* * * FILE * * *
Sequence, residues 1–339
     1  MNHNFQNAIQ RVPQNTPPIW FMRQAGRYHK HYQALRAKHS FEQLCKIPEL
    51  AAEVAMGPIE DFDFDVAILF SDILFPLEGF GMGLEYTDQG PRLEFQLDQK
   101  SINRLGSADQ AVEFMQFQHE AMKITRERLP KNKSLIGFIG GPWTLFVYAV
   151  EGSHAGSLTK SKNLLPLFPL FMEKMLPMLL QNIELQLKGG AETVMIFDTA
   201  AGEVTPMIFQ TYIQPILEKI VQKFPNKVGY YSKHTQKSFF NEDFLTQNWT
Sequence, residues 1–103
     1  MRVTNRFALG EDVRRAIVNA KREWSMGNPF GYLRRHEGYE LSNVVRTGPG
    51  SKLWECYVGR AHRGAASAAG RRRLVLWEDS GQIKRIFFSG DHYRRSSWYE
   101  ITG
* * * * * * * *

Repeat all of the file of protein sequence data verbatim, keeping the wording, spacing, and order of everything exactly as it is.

Sequence, residues 1–339
     1  MNHNFQNAIQ RVPQNTPPIW FMRQAGRYHK HYQALRAKHS FEQLCKIPEL
    51  AAEVAMGPIE DFDFDVAILF SDILFPLEGF GMGLEYTDQG PRLEFQLDQK
   101  SINRLGSADQ AVEFMQFQHE AMKITRERLP KNKSLIGFIG GPWTLFVYAV
   151  EGSHAGSLTK SKNLLPLFPL FMEKMLPMLL QNIELQLKGG AETVMIFDTA
   201  AGEVTPMIFQ TYIQPILEKI VQKFPNKVGY YSKHTQKSFF NEDFLTQNWT
Sequence, residues 1–103
     1  MRVTNRFALG EDVRRAIVNA KREWSMGNPF GYLRRHEGYE LSNVVRTGPG
    51  SKLWECYVGR AHRGAASAAG RRRLVLWEDS GQIKRIFFSG DHYRRSSWYE
   101  ITG